Why West’s misinterpretation of Iranian statements is dangerous

Why West’s misinterpretation of Iranian statements is dangerous

Why West’s misinterpretation of Iranian statements is dangerous
A woman stands with an umbrella while waiting for a taxi at Enghelab Square, Tehran, Iran, Dec. 5, 2022. (AFP)
Short Url

The world’s media appears to believe that the Iranian judiciary is poised to abolish the country’s Guidance Patrol, the so-called morality police that beat Mahsa Amini to death in September. This claim was reported in The Times of London and on the front page of The Wall Street Journal.
It was reported that Mohammed Jafar Montazeri, the country’s attorney general, was quoted in Iranian state media as saying that “the law requiring veils, known as hijabs, was under review by Iran’s parliament and judiciary, and that the morality police had been abolished.”
But what these reports missed was the instantaneous reaction among the Iranian diaspora and Farsi speakers around the world. They interpreted things quite differently.
Activists said that Montazeri’s statement was a lie. It was either a baldfaced deceit of protesters in a bid to decrease the incentive to demonstrate, a clever obfuscation of the truth or the representation of a reorganizing of the forces of the state under new names.
What the activists, protesters and analysts had predicted came to pass just a day later.
It seems that the reports published by the Western papers were completely untrue. When Montazeri spoke, he was just obfuscating the judiciary’s role in the running of the Guidance Patrol, saying that it was a question for parliament and was currently under discussion. And more accurate translations of his statement revealed that he did not say that the morality police was being abolished, but rather reassessed or reorganized.
Later comments from Iranian state figures represented their efforts to capitalize on the false interpretation of Montazeri’s words rather than his true intent.
Similarly, all talk of the hijab law being changed was either premature — in the most optimistic reading — or wholly false. This was a reminder of the way the Western press reported that the Taliban would stick to its promise of keeping teenage girls in education after its takeover of Afghanistan last year — a promise that was immediately broken and has been broken for more than 400 consecutive days since.
It is worth examining why the false interpretation of Montazeri’s statement was widely believed and reported. In part, it was because reporters sought something to be chalked up as a major victory for the protesters. The protests have been condemned by officialdom since they began nearly three months ago. They have been met with immense violence, with hundreds visually confirmed to have been killed and 15,000 people arrested.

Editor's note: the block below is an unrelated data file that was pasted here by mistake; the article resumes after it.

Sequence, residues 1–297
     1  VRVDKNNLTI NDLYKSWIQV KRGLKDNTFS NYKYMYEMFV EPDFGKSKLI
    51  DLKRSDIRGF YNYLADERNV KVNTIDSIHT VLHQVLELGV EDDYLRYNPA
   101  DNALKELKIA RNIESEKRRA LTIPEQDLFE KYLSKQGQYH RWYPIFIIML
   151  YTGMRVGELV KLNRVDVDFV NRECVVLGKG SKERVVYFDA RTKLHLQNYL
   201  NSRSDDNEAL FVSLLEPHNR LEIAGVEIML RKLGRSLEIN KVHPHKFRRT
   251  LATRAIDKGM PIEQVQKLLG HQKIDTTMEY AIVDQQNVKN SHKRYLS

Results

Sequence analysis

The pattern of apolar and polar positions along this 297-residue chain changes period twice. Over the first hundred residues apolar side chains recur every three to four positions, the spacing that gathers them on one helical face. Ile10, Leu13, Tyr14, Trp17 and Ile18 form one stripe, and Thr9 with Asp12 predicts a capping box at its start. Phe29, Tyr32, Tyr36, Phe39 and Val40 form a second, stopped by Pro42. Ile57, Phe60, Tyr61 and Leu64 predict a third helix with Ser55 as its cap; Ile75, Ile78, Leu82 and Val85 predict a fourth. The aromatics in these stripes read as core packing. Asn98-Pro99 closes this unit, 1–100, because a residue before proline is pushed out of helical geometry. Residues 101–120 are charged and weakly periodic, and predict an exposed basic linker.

Previous reporting overstated internal developments within Iran in another direction. When the parliament voted to pass death sentences on all arrested for protesting — a vote that had little legal weight — the Western world acted as if all protesters had been sentenced to death. Now, similar misunderstandings have gone the other way.
The announcements that were misinterpreted might, had the newspapers been right, have indicated a change — although it would not necessarily have been a positive one. They could have represented nothing more than a trial of conciliatory language, with an attempt to persuade protesters off the streets on the back of an untrustworthy promise.
But even if the announcement had been correctly interpreted and translated, the protesters would still have been in danger. The regime may change the morality police’s name or mandate, but its people are not going home. The state’s men will not leave the streets for as long as the protests continue. The abolition of a shadowy force like this does not send violent men home or give them other things to do.
Across the Middle East, there are different names for groups of men, unemployable otherwise, who beat people up on government orders. In Syria, they are the “shabiha,” who terrorized protests against the Assad regime. And when those protests were attacked in the beginnings of a civil war, they became paramilitaries, carrying out the same violent function under different names.

The regime may change the morality police’s name or mandate, but its people are not going home.

Dr. Azeem Ibrahim

In Iran, such men — even if their official body were to be abolished — would be reformed under a different banner.
The regime has too much to lose to begin making real concessions of this kind. The Islamic Revolutionary Guard Corps controls roughly half of Iran’s economy. The clerical regime is a state within a state, whose religious dictates must be enforced on the public if the clerics are to have any power.
As much as the Western news media would like to report real changes in Iran — and real victories for the demonstrators — they are yet to arrive. And any twisting of official statements to give them the appearance of reform or moderation merely puts the protests, and protesters, in more danger from misinformation — as well as the bullet.

  • Dr. Azeem Ibrahim is director of special initiatives at the Newlines Institute for Strategy and Policy in Washington D.C. and the author of “The Rohingyas: Inside Myanmar’s Genocide” (Hurst, 2017). Twitter: @AzeemIbrahim
Disclaimer: Views expressed by writers in this section are their own and do not necessarily reflect Arab News' point of view